Auction Results … HOLY CRAP!

The Sierra Cascade Logging Conference is all over, but for the clean up. The Forestry Education Fund Auction was last night and it was a booming success. The final result of the entire fund-raiser was north of $100,000. Now if you’ve been following our blogs, you know that Mary (Sneaking Bliss) and I provide original art, which is bid in a competitive way. Both pieces of art are on the auction block together. The winning bidder gets to pick the painting of their choice and then bidding begins anew on the second place painting.

Here’s how things went down. Our paintings were items 18 and 19. This is a great place to be on the schedule, the early middle. There were fifty items to auction. Everyone was still there with plenty of money left for bidding. When our turn came they asked us to come up front and say a few words, but this auctioneer was a total pro. I didn’t have a chance to needle Mary with my witty comments when the auctioneer jumped right in and was talking so fast I could hardly keep up. The first bid opened at $1,000. This was a great start! Within seconds it shot up over $4,000. As it went above $5,000 things really got serious. A new bidder jumped in and one bidder got out. Then another dropped out and it looked like we had reached the end. Suddenly, the last bidder to drop out decide he wasn’t done and the bidding took off again.  As it shot up to $7,000 then $8,000 I leaned behind the auctioneer and looked at Mary and she look at me with “what is happening here” looks on our faces. The auctioneer finally yelled “SOLD” and the bidding was done. One of our paintings just sold for $10,000! I was floored.

Now the moment of truth. The winner came up to claim his prize. We waited to see which painting it would be. Do you think he agonized over which painting to choose? Heck no! He beelined straight to Mary’s painting and snatched it off the display like he was rescuing a baby from a fire. Mary’s painting brought in $10,000 in support of forestry education! It was an amazing moment.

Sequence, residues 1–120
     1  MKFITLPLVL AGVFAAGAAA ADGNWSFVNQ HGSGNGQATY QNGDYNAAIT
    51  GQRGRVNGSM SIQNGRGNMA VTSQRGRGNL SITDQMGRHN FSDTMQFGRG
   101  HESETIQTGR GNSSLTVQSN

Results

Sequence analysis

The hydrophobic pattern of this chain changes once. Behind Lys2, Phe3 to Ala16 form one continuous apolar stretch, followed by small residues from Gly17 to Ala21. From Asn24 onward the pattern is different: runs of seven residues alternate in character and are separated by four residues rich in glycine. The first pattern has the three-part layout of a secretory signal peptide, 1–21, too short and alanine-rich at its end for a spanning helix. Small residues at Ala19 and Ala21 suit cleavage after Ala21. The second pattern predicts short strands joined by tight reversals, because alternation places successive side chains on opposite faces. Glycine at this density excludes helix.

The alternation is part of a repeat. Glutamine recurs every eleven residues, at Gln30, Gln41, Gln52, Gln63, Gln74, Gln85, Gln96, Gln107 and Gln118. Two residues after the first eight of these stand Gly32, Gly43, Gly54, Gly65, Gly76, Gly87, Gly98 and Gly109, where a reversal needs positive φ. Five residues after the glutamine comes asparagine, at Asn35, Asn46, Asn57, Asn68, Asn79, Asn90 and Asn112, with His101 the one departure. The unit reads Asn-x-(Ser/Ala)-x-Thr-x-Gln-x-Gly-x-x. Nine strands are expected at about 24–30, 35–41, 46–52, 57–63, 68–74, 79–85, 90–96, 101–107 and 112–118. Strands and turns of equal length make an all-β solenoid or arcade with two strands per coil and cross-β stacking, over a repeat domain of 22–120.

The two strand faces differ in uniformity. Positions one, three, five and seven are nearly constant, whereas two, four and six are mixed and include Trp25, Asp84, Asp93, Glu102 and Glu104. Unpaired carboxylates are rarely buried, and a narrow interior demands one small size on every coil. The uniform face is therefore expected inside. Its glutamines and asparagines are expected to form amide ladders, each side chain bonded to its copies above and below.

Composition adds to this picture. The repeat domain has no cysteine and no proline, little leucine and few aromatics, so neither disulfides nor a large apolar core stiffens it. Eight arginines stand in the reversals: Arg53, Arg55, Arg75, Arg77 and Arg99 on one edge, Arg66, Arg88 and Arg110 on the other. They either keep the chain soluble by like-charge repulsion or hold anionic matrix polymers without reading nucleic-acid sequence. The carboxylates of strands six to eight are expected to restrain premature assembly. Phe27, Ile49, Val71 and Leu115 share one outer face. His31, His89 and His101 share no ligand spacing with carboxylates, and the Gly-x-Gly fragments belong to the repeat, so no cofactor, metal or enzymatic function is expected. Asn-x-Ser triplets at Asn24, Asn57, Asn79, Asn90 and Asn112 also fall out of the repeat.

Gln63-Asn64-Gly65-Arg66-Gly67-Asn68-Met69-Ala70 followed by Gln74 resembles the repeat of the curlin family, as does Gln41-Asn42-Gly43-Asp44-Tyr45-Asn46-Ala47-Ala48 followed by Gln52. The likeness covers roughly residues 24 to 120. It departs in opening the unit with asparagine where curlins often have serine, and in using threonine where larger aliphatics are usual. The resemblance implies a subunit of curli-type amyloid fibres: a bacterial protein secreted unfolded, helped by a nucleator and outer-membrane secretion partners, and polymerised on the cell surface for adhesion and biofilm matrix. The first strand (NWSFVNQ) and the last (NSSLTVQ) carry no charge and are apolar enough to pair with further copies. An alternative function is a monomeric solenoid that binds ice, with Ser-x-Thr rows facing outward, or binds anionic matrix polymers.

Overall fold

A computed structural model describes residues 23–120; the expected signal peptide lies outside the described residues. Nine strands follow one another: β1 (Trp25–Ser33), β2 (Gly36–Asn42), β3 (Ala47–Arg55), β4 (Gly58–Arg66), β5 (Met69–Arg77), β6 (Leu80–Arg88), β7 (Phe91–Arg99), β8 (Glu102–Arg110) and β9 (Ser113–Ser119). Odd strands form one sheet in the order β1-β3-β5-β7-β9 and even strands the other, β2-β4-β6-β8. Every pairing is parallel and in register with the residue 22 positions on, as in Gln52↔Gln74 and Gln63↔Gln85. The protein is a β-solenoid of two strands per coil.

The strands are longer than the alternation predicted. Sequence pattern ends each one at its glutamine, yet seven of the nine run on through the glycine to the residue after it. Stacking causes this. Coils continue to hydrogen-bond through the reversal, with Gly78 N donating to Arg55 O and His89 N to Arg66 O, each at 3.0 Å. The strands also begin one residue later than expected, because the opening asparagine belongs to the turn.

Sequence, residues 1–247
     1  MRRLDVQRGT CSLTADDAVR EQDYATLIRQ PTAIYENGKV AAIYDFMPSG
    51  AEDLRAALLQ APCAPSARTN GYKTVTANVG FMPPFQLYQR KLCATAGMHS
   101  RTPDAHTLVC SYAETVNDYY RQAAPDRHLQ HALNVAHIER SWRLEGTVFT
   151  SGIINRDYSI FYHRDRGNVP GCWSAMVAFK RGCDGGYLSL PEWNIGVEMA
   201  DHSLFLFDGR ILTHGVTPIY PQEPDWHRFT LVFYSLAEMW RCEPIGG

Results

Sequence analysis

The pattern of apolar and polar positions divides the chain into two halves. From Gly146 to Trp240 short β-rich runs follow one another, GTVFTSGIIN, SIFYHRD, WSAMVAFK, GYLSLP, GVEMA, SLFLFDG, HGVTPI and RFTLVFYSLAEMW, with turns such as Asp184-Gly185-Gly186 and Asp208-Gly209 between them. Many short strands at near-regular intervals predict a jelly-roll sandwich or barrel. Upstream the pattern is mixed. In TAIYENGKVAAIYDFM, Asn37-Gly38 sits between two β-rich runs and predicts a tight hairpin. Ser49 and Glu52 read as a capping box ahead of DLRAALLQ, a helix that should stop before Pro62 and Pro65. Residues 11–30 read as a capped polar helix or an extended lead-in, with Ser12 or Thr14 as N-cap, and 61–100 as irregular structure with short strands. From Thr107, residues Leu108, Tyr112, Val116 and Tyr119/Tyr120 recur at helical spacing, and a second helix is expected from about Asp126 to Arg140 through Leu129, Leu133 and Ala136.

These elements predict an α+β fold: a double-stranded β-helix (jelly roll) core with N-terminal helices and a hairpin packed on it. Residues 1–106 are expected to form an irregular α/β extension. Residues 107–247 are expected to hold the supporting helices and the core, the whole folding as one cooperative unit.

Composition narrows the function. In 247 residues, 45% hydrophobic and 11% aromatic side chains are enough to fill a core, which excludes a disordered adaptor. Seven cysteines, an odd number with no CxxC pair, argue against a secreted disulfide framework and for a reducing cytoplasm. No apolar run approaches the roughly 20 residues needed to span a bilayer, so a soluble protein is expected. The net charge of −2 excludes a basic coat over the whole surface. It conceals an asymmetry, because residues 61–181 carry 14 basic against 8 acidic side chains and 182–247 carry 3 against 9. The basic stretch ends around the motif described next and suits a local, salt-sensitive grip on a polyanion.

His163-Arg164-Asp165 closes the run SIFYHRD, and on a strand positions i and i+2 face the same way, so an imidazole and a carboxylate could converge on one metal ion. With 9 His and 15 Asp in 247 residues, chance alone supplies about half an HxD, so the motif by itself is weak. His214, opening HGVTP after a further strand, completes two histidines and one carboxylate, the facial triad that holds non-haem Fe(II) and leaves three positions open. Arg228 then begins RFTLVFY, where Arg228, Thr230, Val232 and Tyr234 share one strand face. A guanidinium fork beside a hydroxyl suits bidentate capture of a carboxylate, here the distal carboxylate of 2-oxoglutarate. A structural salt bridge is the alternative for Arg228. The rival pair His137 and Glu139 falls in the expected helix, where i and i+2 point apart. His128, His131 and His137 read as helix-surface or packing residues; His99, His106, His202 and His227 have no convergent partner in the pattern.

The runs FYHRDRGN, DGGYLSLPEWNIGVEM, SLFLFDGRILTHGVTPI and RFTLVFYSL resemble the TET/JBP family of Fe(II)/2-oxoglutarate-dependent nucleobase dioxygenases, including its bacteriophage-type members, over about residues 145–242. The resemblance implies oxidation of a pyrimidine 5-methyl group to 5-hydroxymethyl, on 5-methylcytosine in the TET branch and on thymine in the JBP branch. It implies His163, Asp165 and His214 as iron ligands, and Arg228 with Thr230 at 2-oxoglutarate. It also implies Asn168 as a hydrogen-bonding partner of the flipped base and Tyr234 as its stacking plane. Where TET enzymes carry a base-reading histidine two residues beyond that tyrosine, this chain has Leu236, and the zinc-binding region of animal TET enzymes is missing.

watercolor, MaryA Livingston, sneaking bliss, charity, auction, Sierra Cascade Logging Conference

Off Highway Hauler, the winning $10,000 painting by Mary A Livingston.

At this point my painting was back into the bidding and the auctioneer began searching for a new price. Long story short it fetched $5,000. Don’t get me wrong, this was a fantastic price. Higher than I’d seen before, but … she crushed me! Mary absolutely annihilated me! Together our art brought in $15,000. We were thrilled at its success and what it meant for the education fund.

watercolor, pen and ink, mixed media, drawing, painting, logging, fellers, fallers, timber

The Fellers, the loser painting…

Tonight I’m going to relax, lick my wounds and have a toast with my favorite competitor. Tomorrow will be soon enough to start thinking about redemption for next year.  Congratulations Mary, you are an amazing artist!

 

“The Fellers”

Here it is folks, the final! It took me a bit longer to post because we were crazy busy, but it’s ready to go.

watercolor, pen and ink, mixed media, drawing, painting, logging, fellers, fallers, timber

The Fellers

Tomorrow night it will be auctioned to raise money for the Sierra-Cascade Environmental and Resource Fund. This non-profit educates the public, students, and teachers about the wise management of our forests.They provide scholarships for local students interested in careers in the industry. Many of the programs supported are aimed at educating the urban regions of California, about practices that assure the health of our forests.